Explore a passion for writing at conference
By Elissa Andre
Did you know that author Frank McCourt published his first book, the Pulitzer Prize-winning memoir “Angela’s Ashes,” at age 66?
It’s never too late to explore your passions; whether you have always dreamed of becoming a writer or have many years of experience under your belt, Johnson County Library’s Writers Conference is a wonderful resource to explore the topic and connect with others who share your interest.
After two challenging years hosting the conference online, the Writers Conference—now in its seventh year and at no cost to attendees—is back in person Nov. 17-20 at the newly refreshed Central Resource Library, 9875 W. 87th St, Overland Park.
This year’s theme is “Art for Impact,” which explores not only how art can inspire writing, but also what it means to put your writing into the world and how it can transform you. This is not an event about publishing, but about the writing craft: skill-building, learning, and having work edited and critiqued. Participants will share ideas and inspiration, meet with published authors and other creatives, and have a chance to network and learn from each other.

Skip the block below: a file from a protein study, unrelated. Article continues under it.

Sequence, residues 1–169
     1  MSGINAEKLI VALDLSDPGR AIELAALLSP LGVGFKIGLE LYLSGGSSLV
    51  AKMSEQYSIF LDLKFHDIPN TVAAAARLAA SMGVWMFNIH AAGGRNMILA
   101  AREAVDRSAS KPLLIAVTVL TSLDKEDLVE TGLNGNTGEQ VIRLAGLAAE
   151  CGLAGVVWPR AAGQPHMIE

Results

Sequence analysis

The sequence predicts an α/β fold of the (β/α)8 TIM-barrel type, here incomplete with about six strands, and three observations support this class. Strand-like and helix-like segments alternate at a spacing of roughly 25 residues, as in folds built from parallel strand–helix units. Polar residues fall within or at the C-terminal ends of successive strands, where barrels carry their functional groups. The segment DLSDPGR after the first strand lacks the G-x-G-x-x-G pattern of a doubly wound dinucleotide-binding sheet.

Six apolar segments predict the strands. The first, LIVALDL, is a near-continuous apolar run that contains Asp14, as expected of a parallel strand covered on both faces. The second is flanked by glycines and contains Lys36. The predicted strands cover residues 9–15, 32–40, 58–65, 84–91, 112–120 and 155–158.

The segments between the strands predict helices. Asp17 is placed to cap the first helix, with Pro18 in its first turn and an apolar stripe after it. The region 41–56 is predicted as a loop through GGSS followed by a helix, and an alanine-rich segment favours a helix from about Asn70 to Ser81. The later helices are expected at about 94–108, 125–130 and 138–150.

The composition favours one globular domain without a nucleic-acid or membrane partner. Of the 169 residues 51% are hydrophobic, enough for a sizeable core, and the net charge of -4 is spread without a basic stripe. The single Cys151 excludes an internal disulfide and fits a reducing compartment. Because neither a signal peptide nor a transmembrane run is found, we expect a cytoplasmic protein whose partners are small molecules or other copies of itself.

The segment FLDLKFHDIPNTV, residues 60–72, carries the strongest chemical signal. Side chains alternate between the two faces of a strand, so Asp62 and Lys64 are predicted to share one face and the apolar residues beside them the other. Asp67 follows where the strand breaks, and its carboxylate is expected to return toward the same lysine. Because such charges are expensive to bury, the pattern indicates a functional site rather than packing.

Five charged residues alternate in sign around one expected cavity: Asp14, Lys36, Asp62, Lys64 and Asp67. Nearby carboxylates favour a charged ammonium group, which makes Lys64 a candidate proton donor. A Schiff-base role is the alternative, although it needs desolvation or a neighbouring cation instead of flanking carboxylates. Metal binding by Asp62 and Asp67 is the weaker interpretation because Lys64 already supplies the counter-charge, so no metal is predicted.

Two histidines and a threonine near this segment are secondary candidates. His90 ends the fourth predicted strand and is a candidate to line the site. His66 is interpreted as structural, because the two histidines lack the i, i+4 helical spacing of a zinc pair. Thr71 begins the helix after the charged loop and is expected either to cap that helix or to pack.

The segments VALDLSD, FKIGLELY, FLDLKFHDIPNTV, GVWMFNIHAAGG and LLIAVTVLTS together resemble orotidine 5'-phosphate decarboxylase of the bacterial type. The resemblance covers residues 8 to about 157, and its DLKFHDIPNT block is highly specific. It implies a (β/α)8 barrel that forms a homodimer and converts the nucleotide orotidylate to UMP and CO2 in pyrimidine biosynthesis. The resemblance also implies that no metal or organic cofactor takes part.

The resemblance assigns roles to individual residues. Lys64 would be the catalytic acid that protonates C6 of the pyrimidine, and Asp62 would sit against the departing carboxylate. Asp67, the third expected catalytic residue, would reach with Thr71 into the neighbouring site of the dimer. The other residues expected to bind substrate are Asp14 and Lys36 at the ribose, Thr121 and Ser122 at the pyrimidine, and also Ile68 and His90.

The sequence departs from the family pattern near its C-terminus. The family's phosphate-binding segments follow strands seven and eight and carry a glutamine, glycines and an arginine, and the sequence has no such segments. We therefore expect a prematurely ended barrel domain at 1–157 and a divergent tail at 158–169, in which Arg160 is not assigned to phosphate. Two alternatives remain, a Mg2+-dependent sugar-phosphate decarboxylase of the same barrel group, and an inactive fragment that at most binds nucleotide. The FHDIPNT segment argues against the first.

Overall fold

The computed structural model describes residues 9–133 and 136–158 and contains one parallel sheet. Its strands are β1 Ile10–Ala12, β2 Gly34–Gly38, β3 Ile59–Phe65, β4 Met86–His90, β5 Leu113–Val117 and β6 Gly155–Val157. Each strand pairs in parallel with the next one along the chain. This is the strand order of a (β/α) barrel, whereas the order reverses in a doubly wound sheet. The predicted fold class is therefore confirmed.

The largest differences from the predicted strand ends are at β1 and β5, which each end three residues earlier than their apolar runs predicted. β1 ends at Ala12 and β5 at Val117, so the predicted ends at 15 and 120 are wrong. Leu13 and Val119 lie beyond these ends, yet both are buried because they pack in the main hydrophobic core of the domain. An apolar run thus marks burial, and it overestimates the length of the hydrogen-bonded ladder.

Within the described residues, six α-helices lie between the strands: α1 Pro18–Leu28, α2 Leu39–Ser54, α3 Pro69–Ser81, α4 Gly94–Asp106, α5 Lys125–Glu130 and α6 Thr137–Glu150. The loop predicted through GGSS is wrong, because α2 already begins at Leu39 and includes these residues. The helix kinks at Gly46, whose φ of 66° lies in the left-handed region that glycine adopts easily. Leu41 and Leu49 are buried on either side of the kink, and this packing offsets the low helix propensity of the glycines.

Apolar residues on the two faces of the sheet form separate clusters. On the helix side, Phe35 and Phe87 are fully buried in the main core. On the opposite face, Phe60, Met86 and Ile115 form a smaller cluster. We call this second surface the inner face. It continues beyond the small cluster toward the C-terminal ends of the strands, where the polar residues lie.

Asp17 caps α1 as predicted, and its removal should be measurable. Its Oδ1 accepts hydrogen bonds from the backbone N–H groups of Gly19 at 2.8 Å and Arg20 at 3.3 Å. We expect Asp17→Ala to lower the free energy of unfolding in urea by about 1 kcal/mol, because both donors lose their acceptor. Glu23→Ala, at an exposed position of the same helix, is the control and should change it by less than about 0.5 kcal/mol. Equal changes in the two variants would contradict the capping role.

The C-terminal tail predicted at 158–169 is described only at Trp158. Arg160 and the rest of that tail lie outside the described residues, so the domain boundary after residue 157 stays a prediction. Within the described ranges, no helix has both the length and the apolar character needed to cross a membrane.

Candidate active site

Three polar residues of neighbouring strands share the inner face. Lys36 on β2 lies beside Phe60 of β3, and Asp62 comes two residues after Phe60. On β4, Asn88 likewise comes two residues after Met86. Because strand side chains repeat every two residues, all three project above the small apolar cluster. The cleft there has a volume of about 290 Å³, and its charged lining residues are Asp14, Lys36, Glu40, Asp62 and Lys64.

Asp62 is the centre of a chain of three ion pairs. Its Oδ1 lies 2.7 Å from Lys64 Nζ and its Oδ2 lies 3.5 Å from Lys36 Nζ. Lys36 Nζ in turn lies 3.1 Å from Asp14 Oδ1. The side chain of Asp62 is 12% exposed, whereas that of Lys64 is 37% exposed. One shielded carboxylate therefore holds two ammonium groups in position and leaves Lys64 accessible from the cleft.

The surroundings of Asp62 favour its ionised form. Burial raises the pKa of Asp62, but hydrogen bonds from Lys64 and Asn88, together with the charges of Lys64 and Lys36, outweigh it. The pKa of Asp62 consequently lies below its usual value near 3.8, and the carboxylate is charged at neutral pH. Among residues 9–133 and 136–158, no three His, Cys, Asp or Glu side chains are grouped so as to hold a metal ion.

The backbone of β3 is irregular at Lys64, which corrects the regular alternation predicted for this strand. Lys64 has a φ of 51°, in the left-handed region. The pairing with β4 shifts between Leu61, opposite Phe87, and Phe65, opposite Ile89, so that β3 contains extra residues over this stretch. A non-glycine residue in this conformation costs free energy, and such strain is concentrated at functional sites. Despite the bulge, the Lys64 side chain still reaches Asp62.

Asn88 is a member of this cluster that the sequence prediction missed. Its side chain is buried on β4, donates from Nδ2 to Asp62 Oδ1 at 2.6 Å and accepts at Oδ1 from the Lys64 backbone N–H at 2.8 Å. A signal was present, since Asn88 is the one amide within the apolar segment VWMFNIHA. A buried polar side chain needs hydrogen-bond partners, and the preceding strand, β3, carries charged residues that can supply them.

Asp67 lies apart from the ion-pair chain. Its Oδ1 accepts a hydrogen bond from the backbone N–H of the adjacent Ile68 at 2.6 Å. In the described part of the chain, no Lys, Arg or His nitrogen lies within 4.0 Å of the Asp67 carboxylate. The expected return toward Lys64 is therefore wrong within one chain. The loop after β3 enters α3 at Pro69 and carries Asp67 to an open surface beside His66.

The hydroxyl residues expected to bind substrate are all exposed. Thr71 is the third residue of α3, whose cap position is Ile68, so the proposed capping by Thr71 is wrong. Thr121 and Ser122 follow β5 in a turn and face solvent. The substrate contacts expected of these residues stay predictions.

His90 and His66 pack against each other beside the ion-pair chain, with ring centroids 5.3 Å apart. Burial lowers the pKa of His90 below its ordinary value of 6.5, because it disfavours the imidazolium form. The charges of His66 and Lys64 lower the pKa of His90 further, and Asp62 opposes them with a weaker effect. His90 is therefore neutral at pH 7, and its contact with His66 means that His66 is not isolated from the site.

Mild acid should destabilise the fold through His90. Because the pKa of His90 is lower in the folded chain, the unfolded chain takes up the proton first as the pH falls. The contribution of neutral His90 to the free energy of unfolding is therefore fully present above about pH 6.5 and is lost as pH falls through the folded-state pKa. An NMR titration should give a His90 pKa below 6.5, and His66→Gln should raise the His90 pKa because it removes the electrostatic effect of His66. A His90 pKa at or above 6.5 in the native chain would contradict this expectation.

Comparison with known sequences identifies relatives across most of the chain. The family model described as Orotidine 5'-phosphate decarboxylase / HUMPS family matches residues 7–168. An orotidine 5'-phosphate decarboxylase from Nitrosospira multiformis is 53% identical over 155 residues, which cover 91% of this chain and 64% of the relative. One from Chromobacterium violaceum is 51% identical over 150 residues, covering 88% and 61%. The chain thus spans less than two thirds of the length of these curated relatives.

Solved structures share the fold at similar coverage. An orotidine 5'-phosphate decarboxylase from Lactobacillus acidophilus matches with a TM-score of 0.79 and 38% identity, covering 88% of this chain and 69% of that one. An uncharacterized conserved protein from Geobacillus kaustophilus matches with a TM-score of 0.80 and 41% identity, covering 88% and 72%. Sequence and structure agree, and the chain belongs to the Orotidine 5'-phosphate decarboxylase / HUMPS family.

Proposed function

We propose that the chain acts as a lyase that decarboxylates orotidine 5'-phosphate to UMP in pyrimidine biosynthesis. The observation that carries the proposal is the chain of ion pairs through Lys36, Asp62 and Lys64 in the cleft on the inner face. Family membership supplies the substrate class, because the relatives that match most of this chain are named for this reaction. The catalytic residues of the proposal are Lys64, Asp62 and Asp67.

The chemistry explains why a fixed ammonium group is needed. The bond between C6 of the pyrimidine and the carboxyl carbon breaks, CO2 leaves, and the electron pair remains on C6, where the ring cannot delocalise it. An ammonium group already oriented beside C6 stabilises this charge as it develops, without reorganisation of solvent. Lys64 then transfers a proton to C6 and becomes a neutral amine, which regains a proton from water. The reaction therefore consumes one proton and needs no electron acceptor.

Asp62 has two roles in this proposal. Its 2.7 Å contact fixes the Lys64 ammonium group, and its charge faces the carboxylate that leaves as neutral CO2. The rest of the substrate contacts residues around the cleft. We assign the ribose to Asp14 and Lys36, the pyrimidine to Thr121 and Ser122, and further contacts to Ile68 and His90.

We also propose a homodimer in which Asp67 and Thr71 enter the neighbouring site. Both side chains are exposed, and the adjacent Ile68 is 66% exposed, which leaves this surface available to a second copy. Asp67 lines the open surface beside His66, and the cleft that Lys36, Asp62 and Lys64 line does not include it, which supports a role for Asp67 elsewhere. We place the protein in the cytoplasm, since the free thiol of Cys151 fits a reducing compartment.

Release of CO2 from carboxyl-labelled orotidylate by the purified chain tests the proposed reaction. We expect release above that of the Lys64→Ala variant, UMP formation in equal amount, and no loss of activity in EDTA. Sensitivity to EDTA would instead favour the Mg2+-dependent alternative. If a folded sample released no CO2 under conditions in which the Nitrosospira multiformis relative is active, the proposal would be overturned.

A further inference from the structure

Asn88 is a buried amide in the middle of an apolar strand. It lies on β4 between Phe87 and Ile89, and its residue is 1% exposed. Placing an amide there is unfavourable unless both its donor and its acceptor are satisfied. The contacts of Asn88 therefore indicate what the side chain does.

This year’s conference, which is expected to attract about 300 attendees of all ages, features 22 presenters and nearly 50 different session options, including a workshop by poet and author Anne-Marie Oomen about writing your life’s stories and sharing your legacy.
The Library encourages in-person attendance, for workshops sharing original writing, yoga and meditation sessions, writing in the newly-renovated Strang Park behind Central, and stimulating conversations.
For those who cannot attend, the lectures and panel discussions will be available on the Library’s website through Library OnDemand, to view live or later.
Registrants can pick up a free copy of the conference text “Creative Acts for Curious People” while supplies last at Central Resource Library, and all attendees will receive a conference notebook.
Elissa Andre is external communication manager for Johnson County Library.